A potential Whaka 100 entrant has said the cancellation of the popular Rotorua mountain bike event was “senseless” because a de facto race will likely take place without safety measures.
On Thursday, the Rotorua Lakes Council advised that the event would not take place due to Omicron’s concerns, with the event due to start on Saturday.
The council had approved the event on Monday, but revoked it on the advice of iwi landowners CNI, as well as the Lakes District Health Board (DHB) and Toi Te Ora Public Health.
Toi Te Ora Public Health said the “big picture” was to ensure the Bay of Plenty could cope with the spread of Omicron.
But Hawke’s Bay-based runner James Pretty said many runners were already in Rotorua and would likely continue to hit the trails anyway.
“Everyone has the route downloaded to their GPS device and everyone knows the trails.
“Canceling the event made no sense because you will have a lot of people now… riding in the forest or the surrounding area without any of the controls that Whaka was putting in place.
“If they closed the forest to all recreational use, I would understand that. [But] no one can see an advantage in that.”
Rotorua mountain biker Scott Taylor said he spent a lot of time training for the event and was “emptied” that the council canceled the event “at the last minute”.
“It’s a huge mess for the whole community.
“I understand that Omicron is definitely blowing up, but as far as I know [the event organisers] sorted everything and [were] able to run it in red.
“It’s very bizarre that the council pulled the pin and said no, especially when [it] say yes to start.”
Bike Culture owner Mike Metz said the cancellation could make participants “hesitant” to sign up for future races.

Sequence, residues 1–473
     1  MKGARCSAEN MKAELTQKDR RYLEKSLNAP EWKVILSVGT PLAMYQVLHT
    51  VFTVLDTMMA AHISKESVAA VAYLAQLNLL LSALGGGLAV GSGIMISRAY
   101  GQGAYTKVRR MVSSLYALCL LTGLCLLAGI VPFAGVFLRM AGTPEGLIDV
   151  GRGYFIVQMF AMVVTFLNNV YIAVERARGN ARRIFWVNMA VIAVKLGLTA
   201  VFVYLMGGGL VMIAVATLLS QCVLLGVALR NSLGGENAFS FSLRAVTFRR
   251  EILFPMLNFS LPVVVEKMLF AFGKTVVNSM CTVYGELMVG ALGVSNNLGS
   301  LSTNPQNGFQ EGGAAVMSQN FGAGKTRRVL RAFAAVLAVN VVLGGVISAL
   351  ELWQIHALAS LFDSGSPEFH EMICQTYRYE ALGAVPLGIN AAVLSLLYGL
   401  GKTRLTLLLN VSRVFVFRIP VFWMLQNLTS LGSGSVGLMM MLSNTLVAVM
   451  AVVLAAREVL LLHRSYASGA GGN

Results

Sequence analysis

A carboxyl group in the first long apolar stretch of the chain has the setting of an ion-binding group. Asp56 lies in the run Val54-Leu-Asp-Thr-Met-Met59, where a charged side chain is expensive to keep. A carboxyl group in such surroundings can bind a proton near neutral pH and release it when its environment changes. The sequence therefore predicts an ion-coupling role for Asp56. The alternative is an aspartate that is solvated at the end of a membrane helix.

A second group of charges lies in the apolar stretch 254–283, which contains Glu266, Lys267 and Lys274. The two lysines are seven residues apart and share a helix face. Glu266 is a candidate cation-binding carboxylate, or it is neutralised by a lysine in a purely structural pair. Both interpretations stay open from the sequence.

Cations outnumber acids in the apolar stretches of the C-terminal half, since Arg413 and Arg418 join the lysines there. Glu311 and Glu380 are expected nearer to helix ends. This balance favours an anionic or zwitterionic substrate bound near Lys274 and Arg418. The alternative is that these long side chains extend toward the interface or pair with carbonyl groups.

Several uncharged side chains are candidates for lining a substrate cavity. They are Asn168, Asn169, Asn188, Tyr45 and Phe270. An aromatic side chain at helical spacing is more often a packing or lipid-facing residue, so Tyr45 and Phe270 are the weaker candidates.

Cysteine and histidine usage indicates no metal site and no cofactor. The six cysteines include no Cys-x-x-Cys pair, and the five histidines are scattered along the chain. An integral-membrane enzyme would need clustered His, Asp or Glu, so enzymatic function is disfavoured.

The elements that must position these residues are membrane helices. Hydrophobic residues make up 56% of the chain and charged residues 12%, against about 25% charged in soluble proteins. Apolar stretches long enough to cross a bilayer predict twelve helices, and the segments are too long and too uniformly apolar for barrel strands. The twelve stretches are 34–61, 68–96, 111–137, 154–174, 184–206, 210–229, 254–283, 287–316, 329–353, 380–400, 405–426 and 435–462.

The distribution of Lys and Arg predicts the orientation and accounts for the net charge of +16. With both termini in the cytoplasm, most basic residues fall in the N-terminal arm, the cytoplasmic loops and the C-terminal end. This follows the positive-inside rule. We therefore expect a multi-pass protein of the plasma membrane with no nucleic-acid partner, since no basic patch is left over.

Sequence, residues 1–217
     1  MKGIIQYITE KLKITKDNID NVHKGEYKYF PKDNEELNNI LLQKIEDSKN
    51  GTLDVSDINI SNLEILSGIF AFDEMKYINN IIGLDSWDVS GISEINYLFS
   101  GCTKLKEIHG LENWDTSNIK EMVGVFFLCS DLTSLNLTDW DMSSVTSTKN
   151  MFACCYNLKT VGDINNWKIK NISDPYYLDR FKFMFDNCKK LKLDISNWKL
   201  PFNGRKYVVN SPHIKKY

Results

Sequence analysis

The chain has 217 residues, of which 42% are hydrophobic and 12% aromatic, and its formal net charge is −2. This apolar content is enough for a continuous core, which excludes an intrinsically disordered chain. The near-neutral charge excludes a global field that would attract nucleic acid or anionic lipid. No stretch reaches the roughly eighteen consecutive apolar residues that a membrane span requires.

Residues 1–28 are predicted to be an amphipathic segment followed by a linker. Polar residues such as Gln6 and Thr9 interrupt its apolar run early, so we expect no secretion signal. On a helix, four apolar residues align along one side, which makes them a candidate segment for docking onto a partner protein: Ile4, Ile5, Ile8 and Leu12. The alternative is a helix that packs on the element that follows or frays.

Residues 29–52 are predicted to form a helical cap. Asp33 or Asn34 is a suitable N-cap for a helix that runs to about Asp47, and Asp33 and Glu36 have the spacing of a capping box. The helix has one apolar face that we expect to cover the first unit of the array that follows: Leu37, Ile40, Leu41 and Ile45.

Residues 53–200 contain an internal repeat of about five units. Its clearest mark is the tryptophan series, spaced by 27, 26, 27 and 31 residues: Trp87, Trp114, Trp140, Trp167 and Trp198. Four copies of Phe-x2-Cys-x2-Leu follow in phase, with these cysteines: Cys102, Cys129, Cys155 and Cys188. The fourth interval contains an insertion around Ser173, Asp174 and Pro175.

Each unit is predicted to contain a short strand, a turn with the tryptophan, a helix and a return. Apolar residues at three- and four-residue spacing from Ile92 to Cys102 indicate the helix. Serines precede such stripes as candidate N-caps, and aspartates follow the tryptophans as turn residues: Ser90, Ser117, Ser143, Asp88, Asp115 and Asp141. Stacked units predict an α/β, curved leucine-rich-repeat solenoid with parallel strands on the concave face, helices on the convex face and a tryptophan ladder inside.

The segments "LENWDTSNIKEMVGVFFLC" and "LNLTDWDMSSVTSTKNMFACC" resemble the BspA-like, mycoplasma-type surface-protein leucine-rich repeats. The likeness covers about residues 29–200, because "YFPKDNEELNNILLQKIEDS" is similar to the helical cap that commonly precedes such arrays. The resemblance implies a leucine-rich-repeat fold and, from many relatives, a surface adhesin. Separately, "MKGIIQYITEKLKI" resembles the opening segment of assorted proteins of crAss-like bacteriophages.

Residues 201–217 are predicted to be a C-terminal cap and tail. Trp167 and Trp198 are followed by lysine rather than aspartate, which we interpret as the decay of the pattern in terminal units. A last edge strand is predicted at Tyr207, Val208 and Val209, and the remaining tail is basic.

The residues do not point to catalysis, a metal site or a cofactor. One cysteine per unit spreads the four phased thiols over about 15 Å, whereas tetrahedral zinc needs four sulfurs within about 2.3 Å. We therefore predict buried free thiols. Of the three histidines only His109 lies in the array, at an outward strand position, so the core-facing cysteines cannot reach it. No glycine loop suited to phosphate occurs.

Yesterday race director Tim Farmer, who runs the event with Belinda Farmer, said the withdrawal was an ‘absolute surprise’.
“Our protocols met and exceeded what was mandated.”
He said 1,800 runners had been confirmed to participate, a light reduction in red light settings from the original 3,000.
“This is extremely damaging to an industry that is already under pressure. It sets a precedent where government advice and guidance can be ignored without proper due diligence and wipe out in an instant millions of dollars flowing into local communities for events.”
Event spokesperson Paul Gunn said Whaka 100 does not encourage people to go to the forest without safety measures in place and that is why organizers have planned to separate the groups of runners .
He said the event’s regional event fund request indicated that Whaka 100 was attracting ‘big spenders’ and was ‘conservative’ estimated it had added $1.5 million to the economy local over the weekend of the event.
About 92% of competitors came from outside the region to attend, he said.
Rotorua Economic Development chief executive Andrew Wilson said he felt “absolutely disgusted” for the organizers and competitors who had invested “an enormous amount of time and effort” in the preparation.